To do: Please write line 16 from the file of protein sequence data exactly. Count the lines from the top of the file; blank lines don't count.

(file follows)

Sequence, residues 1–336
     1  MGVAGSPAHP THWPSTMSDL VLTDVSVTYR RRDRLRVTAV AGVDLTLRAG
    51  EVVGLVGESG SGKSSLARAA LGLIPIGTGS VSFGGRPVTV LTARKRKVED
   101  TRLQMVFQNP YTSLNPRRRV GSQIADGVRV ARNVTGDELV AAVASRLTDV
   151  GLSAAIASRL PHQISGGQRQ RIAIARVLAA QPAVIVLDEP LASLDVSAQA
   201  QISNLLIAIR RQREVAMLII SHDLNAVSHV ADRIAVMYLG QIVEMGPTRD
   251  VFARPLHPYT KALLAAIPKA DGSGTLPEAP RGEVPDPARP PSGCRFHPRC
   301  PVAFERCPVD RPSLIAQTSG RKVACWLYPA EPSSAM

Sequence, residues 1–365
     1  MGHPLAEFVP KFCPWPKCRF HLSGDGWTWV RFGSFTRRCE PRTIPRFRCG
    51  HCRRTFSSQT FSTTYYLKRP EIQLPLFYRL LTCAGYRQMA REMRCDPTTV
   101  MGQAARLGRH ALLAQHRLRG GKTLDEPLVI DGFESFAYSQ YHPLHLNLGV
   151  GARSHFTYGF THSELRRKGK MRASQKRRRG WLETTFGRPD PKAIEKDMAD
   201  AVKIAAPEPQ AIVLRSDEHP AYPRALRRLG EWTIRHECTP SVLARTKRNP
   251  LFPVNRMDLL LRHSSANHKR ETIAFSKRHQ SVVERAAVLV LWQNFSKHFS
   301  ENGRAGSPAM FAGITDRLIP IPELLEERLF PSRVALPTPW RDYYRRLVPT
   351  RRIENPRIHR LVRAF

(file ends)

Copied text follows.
   301  ENGRAGSPAM FAGITDRLIP IPELLEERLF PSRVALPTPW RDYYRRLVPT